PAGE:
Bowen Reaction Series

The cooling and crystallization of magma is a complex chemical process in which various silicate minerals crystallize in a definite order and that order is termed as Bowen reaction series. Minerals at the top have a relatively high crystallization temperature, which means that they will be the first mineral to crystallize from a magma that is cooling.

If they are chemically compatible with the magma as it continues to cool, they will grow larger by the addition of external layers of additional material.

If they are chemically incompatible, they will react with the melt. The chemical compatibility is determined by the total silica content of the melt.

Bowen Reaction Series

Bowen reaction Series is illustrated by two distinctive series ie.

  • Discontinuous Series
  • Continuous Series

Towards the lower end it is merged into Single Series.

Minerals on the left part of the ‘Y’ diagram are Ferromagnesian minerals because they contain iron and magnesium in their composition. This part of the series is referred to as the discontinuous series as they occur at fairly definite temperature. At lower temperature when magma cools, the early crystallized magma reacts with the magma to form a new mineral of different composition. As when an olivine completely re-reacting with the melt may recrystallize into pyroxene (single-chain silicate), and a pyroxene may completely recrystallize into a hornblende (a double-chain silicate) or ultimately a biotite (a sheet silicate) and will be found only in rocks which are relatively rich in silica.. If a rock contains both olivine and hornblende is will not be in equilibrium state, because these minerals form and are stable under different conditions whereas olivine and pyroxene are form stable pairs, similarly pyroxene-hornblende, hornblende-biotite.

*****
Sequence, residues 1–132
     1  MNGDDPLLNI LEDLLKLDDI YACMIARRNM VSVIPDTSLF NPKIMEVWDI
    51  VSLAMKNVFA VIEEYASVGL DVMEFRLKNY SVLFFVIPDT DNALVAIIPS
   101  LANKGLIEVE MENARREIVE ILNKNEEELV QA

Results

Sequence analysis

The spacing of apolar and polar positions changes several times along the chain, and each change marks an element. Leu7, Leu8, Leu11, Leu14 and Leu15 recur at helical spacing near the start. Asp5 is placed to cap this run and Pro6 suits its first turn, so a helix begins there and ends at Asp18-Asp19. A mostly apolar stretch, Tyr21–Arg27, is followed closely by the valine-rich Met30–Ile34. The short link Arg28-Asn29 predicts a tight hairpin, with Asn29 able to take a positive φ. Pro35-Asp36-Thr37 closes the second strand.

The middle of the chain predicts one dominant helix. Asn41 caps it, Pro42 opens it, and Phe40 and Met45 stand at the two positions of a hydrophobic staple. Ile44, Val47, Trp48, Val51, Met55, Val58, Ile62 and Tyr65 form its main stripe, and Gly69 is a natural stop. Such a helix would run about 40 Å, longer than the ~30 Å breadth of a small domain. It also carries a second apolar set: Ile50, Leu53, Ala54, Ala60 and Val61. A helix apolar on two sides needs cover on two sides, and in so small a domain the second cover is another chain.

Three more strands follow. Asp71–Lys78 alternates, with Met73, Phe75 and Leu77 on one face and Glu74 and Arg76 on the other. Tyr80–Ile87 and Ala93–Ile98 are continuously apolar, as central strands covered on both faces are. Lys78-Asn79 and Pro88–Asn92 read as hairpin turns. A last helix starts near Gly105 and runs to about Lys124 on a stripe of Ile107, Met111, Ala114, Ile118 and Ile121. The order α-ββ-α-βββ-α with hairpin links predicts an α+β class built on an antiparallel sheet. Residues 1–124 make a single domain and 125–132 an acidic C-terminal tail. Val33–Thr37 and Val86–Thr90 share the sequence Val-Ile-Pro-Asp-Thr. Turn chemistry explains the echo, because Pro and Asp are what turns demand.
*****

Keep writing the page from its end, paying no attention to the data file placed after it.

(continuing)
Minerals on the right part of the ‘Y’ diagram form a continuous reaction series. The plagioclase feldspar with end members Anorthite (100% Ca-plagioclase) and Albite (100% Na-plagioclase), exhibit such a reaction. The first crystals forming may entirely or only partially re-react with the melt, but without destroying the basic feldspar crystal structure. If chemical equilibrium is not maintained between melt and crystals during cooling, the resulting crystals may show compositional zoning.

This reaction suggests that as a magma of basaltic composition cools, olivine and An- rich plagioclase may crystallize first followed by the lower minerals.

As a result, rocks that crystallize from mafic melts (45-55% silica) will tend to be made up of minerals that are high in Bowen’s reaction series – such as olivine, pyroxene and Ca-rich plagioclase feldspar. Rocks from felsic melts (>65% silica) will be composed mostly of minerals from the bottom of the series – biotite, Na-plagioclase, muscovite, orthoclase and possibly quartz. Rocks from intermediate magmas will contain minerals from the middle of the sequence.

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